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The BBL Effect: How the Brazilian Butt Lift is influencing women and society

A deep dive into the controversial world of Brazilian Butt Lifts, with Jyoti Matharoo, author of SNATCHURAL: The Guide to a Natural Looking BBL.

Feminism may have advanced, but so have technology and modern medical practices, which means that whilst we may have more autonomy than ever to defy the pressures imposed on our bodies, we’re also hyper-aware. At the same time, we’re enticed by more attainable (and affordable) options than ever to replicate the bodies we see on our social media feeds. Right now, we are in the midst of the BBL era. The look of the moment is a big butt, cinched-in waist and flat tummy combination, fuelled by the pervasiveness of the Kardashians, Nicki Minaj, Cardi B and other stars. The procedure involves transferring fat from elsewhere in the body to the buttocks to make them fuller. It’s become one of the fastest-growing – and most controversial – surgeries in the world, with more than 40 000 surgeries performed by certified surgeons in 2020, according to the Aesthetics Society. Whilst the procedure only takes four hours to complete, it poses a myriad risks and complications.

Under best practice, fat should be injected between the skin and the gluteal muscle, explains Mr Omar Tillo from the Centre for Surgery. That way, the muscle acts as a barrier to stop fat leakage, but that’s not always the case. Some surgeons inject fat directly into the muscle for a better result. “You get more pressure, more blood flow, so more fat tissue will survive in the muscle and increase in volume – the exaggerated look,” he says. “But now we know from studies that isn’t safe.” The butt contains numerous large blood vessels – some “as big as drinking straws”, as one doctor put it – which, if accidentally injected, can result in fat travelling to the heart, lungs or brain, causing a pulmonary embolism. In fact, the number of deaths from BBLs has been reported as one in every 3 000 patients, according to a 2016 study. Yet this hasn’t stopped women from seeking out the procedure.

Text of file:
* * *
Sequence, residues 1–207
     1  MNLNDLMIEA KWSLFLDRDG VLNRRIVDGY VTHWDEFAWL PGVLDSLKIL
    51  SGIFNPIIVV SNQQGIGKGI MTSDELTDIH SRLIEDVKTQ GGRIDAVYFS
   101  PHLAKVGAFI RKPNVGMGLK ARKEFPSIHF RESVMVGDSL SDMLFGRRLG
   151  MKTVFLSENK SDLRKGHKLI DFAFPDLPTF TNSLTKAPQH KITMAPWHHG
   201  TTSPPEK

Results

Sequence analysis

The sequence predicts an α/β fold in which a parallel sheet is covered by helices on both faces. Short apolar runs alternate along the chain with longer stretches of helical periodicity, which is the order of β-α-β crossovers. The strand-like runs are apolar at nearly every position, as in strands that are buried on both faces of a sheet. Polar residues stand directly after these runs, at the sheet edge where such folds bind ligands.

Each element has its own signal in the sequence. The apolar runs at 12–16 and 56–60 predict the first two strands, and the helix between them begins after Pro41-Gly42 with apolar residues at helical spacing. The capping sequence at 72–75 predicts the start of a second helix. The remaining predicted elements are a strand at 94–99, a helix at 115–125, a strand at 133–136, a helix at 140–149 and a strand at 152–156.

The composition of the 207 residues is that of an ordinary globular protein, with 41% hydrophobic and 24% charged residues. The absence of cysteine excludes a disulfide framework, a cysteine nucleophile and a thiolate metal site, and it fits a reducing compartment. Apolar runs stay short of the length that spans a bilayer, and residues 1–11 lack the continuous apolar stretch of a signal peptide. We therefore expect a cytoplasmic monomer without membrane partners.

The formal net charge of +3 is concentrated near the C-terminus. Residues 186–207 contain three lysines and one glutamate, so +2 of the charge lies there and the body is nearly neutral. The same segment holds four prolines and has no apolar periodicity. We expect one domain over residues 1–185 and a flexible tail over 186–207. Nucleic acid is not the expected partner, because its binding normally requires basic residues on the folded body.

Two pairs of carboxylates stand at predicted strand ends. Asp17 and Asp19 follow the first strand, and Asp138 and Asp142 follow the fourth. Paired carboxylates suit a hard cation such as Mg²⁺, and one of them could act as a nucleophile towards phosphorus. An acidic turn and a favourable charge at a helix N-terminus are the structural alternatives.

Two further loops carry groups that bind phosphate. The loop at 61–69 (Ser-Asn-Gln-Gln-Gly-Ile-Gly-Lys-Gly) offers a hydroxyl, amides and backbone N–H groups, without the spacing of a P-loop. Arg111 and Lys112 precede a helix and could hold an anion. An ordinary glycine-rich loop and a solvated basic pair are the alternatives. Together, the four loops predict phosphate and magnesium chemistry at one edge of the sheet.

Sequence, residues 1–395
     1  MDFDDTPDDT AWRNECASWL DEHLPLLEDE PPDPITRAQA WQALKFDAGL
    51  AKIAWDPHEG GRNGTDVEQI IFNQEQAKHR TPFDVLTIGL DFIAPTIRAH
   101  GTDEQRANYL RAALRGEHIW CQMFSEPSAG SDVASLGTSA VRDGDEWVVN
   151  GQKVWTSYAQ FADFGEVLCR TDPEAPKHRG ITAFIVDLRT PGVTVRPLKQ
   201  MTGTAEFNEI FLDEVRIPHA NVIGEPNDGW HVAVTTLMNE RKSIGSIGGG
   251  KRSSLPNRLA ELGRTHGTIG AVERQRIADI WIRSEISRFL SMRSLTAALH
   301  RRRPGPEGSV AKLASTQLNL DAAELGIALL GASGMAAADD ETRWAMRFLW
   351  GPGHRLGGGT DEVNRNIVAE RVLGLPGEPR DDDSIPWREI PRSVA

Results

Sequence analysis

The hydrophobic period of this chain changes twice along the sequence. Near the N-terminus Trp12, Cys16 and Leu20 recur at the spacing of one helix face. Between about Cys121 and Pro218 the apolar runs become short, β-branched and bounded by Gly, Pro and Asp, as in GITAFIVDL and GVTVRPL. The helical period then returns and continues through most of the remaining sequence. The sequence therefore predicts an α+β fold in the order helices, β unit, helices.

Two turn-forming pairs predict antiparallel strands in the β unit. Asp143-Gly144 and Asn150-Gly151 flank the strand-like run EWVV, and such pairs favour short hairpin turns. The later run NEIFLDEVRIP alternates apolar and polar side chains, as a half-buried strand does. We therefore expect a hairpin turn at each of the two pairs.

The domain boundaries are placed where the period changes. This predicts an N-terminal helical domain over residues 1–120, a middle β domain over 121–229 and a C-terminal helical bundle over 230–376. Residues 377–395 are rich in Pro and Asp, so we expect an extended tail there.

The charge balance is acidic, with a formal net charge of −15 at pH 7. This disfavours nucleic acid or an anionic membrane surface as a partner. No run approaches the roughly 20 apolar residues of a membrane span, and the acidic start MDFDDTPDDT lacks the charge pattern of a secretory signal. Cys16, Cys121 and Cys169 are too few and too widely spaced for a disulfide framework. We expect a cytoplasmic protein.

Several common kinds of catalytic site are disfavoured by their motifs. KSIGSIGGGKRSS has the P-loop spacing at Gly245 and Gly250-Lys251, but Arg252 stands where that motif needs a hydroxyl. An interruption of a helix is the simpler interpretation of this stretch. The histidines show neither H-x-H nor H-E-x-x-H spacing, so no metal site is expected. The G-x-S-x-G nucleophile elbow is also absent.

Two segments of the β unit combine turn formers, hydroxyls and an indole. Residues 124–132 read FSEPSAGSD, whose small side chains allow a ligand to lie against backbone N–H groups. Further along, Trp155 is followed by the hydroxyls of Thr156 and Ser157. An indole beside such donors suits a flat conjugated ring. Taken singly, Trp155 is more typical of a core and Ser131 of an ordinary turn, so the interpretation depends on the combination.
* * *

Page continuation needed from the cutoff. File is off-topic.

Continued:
has emerged as the ‘capital of medical tourism’, where surgeries are cheap and regulations lax. The UK, for example, limits the amount of fat that can be injected, and only single-use instruments are permitted for use. In Turkey, and other popular BBL destinations such as Thailand and Mexico, it’s common for large amounts of fat to be transferred, and surgeons often use reusable cannula fat conduction systems, increasing the risk of infection. Single-use instruments are just one factor driving down the cost of these procedures, attracting customers worldwide. Makeshift clinics and a lack of aftercare treatments also contribute to prices as low as R43 000, compared to the average cost of R130 000 for a BBL in the UK. “You have to wonder where costs are being cut,” says Jyoti Matharoo, author of SNATCHURAL: The Guide to a Natural Looking BBL. “$5 000 (around R78 000) isn’t enough to cover the cost of running an operating room and paying an anaesthesiologist. Doctors aren’t meant to be salesmen, so if one offers you a large promotional discount or operates at an unlicensed facility at odd hours, that surgery could be dangerous.” However, clinics make their money back through economies of scale. Doctors may book back-to-back surgeries, leading to exhaustion and negligent technique. “There are many loopholes and leniency in judicial systems where a dermatologist or paediatrician is allowed to advertise as a board-certified medical doctor and practice in any field without training, even plastic surgery,” Jyoti adds